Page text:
Monday, 4 February 2019

Fiona Onasanya MP ~ 3 months for perverting the course of justice

In June 2017, Fiona Onasanya was elected Member of Parliament for Peterborough.  On 29 January 2019 she was sentenced to 3 months imprisonment for preverting the course of justice.  False information had been supplied in reply to Notices of Intended Prosecution (NIPs) for three speeding offences.  The judge took into account her previous good character and considerable personal mitigation.  Her brother, Festus Onasanya, was sentenced to 10 months imprisonment on each of 3 counts of perverting the course of justice in relation to false information supplied in response to NIPs - the sentences to be concurrent.  The sentencing remarks of Mr Justice Stuart-Smith are available via the Judiciary website.  The case was reported by The Guardian 29 January.

Festus Onasanya completed the returns requesting information as to the drivers and supplied the name of Aleks Antipow.  By November 2017, Fiona Onansanya was aware that false information had been supplied but she did not act to correct the matter.  The judge was satisfied that, on one of the occasions, Fiona Onasanya was the actual driver.  This offence was said to be driving at 41 mph in a 30 mph limit.  Under Magistrates' Court Sentencing Guidance that offence would attract a maximum possible fine of £1000 with the driving licence endorsed 4 to 6 points.  A short disqualification of 7 to 28 days is also a possibility.

Recall of MP:

It remains to be seen whether Ms Onasanya appeals either conviction or sentence.  The Recall of MPs Act 2015 permits the recall of an MP under the "first recall condition" if (a) the MP has, after becoming an MP, been convicted in the United Kingdom of an offence and sentenced or ordered to be imprisoned or detained, and (b) the appeal period expires without the conviction, sentence or order having being overturned on appeal.   A recall petition is successful if the number of persons who validly sign the petition is at least 10% of the number of eligible registered electors.

MPs who receive custodial sentences of more than 12 months are disqualified under the Representation of the People Act 1981.  

It is reported - BBC News 31 January - that the Attorney-General is considering referring the sentence to the Court of Appeal under the unduly lenient sentence provisions.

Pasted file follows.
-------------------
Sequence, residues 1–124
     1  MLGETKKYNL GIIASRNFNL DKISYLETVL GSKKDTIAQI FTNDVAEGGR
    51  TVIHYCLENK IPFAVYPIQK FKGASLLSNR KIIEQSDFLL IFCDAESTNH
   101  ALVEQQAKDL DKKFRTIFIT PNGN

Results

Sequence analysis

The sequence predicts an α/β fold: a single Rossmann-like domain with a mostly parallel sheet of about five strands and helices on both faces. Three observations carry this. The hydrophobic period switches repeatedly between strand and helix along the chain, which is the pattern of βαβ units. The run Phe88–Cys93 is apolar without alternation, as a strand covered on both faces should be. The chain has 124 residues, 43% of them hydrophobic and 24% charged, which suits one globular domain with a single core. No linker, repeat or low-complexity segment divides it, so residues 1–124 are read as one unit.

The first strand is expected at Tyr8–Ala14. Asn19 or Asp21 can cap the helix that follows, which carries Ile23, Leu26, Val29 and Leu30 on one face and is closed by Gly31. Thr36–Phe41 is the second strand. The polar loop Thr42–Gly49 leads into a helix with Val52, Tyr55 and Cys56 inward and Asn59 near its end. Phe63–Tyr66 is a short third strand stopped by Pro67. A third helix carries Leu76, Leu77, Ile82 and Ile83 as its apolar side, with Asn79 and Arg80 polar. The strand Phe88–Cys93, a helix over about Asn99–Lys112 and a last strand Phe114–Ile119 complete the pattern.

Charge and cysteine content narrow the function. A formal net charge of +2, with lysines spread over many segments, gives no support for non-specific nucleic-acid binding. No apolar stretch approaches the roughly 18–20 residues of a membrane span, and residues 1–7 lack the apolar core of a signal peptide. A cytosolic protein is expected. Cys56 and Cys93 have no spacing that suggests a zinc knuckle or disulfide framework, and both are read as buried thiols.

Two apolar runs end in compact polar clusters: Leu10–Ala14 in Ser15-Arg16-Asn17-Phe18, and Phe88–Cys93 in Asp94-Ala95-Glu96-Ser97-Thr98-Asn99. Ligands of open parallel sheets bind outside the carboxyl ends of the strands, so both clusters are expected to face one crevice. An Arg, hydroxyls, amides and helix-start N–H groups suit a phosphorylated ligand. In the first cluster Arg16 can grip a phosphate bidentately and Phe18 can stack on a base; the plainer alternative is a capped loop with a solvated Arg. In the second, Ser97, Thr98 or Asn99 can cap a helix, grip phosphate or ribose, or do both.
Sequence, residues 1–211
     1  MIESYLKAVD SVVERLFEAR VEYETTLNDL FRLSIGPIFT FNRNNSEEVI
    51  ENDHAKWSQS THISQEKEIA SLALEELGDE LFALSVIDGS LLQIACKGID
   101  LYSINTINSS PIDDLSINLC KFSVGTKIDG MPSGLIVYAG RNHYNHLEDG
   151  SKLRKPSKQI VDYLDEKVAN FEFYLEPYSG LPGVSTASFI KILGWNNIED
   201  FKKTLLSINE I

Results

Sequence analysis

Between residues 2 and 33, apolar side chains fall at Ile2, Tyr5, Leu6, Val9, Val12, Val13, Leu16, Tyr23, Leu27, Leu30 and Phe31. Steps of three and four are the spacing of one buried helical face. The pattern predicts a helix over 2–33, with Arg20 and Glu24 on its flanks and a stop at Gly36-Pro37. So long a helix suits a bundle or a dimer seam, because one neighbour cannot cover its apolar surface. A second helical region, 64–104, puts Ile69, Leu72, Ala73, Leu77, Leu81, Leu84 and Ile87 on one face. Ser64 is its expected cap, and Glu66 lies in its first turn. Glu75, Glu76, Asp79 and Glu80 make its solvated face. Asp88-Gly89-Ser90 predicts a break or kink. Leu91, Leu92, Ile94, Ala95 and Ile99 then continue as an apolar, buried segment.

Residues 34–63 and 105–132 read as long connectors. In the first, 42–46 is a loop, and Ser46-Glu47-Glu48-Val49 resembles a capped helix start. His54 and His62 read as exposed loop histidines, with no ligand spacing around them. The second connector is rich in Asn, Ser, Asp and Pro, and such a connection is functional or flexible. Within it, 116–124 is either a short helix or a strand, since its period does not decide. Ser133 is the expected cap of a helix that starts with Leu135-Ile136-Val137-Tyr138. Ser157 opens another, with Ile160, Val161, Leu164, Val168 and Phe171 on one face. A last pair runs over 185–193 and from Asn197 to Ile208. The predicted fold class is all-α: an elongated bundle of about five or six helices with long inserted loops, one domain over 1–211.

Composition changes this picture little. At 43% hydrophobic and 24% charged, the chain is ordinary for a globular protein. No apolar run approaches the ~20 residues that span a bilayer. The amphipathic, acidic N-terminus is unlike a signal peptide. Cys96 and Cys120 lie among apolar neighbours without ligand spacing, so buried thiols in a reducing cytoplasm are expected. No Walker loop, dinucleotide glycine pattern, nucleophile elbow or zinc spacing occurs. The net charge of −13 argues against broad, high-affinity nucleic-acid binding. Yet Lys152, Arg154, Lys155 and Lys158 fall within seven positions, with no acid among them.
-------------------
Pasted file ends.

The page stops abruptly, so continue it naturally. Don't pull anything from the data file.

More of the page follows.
Short-term imprisonment:

There have been recent calls to abolish the use of short-term imprisonment or, alternatively, to introduce a presumption against the use of short-term imprisonment.  According to the Prisons Minister - Mr Rory Stewart MP - short term sentences are "long enough to damage you and not long enough to heal you" - The Independent 12 January.    In 2018, the Prison Reform Trust argued that there should be a presumption against the use of short-term sentences.  Such a presumption was introduced in Scotland by the Criminal Justice and Licensing (Scotland) Act 2010 section 17.  Such a presumption appears preferable to abolition.

There can be little doubt that short-term sentences are ineffective if viewed solely from the viewpoint of rehabilitation because minimal rehabilitation work is done with prisoners serving such sentences.  However, for adult offenders, rehabilitation is one of five statutory sentencing objectives - (a) punishment of offenders; (b) reduction in crime (including reduction by deterrence); reform and rehabilitation of offenders; (d) protection of the public; (e) making of reparation - Criminal Justice Act 2003 s.142.

The Onasanya case is an example of a short-term sentence of imprisonment being used to uphold the proper functioning of the legal system.  The judge said -"where a person is convicted of perverting the course of justice it will only be the most exceptional of case that does not result in an immediate sentence of imprisonment: see, for example AG’s Reference No 17 of 2008 - reported at [2008] EWCA Crim 1341. The reason is that giving a false account of events to investigating authorities undermines the very system of criminal justice and impedes its proper functioning. Hence even in cases of lesser seriousness, including cases of driving offences, sentences of imprisonment, albeit sometimes short in duration, can be expected for giving false information about the drivers’ identity 
 "....

Update:

An appeal was refused - The Guardian 5 March 2019.   The MP for Peterborough will be the subject of a recall petition after being told by the Court of Appeal that there were no grounds to challenge the prosecution’s case that she had repeatedly lied to avoid a speeding ticket.  Following the court ruling, the House of Commons’ Speaker, John Bercow, confirmed that he had written to the Cambridgeshire city’s petitions officer under the provisions of the Recall of MPs Act 2015.

1 comment:

  1. seems like such a crazy sequence of events - so unnecessary, really.

    Joe B

    ReplyDelete